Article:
Oversight of Organizational Speed in the Digital Age

Published by
Jim DeLoach

Jim DeLoach

A recent survey of executives and directors globally found that the top two risks discussed are disruptive change to the business model and the organization’s resistance to change. This incongruence captures what may be one of a board’s most fundamental fears.

No established incumbent wants to fall into the category of companies that were yesterday’s success stories but today are in decline, suffering “death from a thousand cuts.” Yet it happens all too frequently. One well-known CEO says it begins with “stasis”—a state of inactivity that leads to “irrelevance” and is followed by an “excruciating, painful decline” until, ultimately, there is an abrupt demise of the enterprise.

This kind of decline is unmerciful. Its low velocity is one of the primary reasons it is so difficult to spot. Left unabated, it leads a once-proud company to the point where very little can be done to save it as it continues down its committed path. In the digital age, cloud computing, robotic process automation, machine learning, and other technologies are disrupting every industry by presenting opportunities to reimagine business models. With physical locations, people, and infrastructure barriers virtually gone, it’s possible for “born digital” start-ups to disrupt an established company with a hyper-scalable business model that can accommodate rapid growth without significant upfront capital.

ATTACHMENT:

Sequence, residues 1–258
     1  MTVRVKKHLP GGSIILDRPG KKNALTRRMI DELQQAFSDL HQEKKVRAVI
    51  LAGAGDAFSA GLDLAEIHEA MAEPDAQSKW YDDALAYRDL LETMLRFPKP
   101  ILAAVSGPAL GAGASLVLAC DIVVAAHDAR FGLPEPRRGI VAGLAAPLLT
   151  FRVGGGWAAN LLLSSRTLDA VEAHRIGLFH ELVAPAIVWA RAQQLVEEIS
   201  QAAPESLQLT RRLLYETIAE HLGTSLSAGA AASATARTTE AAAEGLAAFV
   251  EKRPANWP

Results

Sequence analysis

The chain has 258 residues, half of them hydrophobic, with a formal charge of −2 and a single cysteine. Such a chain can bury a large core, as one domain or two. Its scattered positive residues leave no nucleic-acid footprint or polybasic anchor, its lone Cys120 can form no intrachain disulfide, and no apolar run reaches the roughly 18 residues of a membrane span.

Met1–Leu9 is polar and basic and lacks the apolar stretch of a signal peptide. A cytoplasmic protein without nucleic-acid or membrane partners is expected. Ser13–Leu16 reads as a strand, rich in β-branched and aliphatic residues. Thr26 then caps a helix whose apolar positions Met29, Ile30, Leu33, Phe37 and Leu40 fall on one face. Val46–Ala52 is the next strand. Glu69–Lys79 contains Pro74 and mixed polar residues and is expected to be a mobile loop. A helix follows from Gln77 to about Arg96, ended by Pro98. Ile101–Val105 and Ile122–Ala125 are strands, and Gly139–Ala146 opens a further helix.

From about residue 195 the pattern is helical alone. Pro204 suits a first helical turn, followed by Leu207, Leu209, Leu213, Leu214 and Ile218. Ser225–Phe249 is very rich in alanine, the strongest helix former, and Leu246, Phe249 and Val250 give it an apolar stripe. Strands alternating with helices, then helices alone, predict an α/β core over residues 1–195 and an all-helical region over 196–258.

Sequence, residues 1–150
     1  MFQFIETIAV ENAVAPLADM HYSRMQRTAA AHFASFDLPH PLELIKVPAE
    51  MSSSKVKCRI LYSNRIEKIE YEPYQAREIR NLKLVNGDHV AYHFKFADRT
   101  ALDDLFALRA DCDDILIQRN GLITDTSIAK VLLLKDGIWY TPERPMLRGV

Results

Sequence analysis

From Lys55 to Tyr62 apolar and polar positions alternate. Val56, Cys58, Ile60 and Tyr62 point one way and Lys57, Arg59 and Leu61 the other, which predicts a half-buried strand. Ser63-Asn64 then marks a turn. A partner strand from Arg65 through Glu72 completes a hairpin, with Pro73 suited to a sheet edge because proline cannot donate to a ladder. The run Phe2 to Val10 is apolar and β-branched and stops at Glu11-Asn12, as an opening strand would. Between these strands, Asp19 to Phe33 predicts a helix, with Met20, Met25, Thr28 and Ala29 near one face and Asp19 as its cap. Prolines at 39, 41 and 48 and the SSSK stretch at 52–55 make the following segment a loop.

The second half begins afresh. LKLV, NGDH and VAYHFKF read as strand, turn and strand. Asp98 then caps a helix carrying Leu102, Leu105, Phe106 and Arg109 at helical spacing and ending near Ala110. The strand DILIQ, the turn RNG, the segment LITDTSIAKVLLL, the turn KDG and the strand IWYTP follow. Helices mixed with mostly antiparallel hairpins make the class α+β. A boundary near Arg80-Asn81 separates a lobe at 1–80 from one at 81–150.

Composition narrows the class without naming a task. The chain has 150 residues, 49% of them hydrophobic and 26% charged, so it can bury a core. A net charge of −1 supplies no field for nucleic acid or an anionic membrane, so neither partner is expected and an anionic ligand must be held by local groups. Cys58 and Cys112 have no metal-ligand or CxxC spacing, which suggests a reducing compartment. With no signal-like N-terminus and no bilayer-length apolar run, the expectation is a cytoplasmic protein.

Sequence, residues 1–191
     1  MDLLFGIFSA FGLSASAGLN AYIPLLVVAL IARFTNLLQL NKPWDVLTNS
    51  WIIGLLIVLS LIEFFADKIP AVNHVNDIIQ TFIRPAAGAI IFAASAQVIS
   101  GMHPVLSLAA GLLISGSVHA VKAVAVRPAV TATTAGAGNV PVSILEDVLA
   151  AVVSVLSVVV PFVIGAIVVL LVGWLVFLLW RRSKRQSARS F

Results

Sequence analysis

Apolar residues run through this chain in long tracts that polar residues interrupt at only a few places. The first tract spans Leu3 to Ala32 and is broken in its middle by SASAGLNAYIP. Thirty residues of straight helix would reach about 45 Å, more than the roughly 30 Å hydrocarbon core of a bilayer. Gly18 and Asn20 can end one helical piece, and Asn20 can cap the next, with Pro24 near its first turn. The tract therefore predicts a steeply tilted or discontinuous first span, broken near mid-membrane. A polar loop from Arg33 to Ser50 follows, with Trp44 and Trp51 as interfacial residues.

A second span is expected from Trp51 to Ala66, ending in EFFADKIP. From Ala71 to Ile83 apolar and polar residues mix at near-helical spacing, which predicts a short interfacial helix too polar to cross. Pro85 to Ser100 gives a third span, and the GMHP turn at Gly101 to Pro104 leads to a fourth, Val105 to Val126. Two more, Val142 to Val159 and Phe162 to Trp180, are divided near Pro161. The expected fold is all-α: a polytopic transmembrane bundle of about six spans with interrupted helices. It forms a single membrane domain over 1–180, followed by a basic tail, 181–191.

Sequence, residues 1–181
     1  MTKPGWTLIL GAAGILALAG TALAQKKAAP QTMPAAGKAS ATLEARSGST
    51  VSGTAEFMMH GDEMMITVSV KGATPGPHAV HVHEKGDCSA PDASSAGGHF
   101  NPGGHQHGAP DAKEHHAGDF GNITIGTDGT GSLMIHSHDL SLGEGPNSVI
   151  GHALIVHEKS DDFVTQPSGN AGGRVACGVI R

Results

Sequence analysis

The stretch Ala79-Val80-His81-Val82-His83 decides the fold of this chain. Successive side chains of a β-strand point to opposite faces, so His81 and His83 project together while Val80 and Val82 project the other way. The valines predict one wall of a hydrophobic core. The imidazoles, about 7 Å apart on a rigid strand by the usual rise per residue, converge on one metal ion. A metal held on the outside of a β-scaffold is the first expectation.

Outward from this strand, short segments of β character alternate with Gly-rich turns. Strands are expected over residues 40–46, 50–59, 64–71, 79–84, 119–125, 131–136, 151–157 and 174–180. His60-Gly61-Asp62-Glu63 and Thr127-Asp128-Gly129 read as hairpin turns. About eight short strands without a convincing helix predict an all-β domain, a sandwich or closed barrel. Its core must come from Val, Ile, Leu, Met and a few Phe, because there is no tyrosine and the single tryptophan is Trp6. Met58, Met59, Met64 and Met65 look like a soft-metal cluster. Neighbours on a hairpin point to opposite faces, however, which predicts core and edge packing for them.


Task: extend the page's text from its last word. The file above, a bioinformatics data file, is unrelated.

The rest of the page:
Time and speed in business have changed. Business has evolved beyond the tactical to emphasize a more strategic and holistic view of challenging conventional thinking and disrupting traditional ways of working as well as long-established value chains. Managing to the speed of business may seem like a strange notion to some, but why shouldn’t every organization evaluate its processes given the speed of change in the marketplace and within the industry? Considering the stakes, it’s worth a serious look.

Following are 10 thoughts on managing to the speed of business and its implications to board oversight.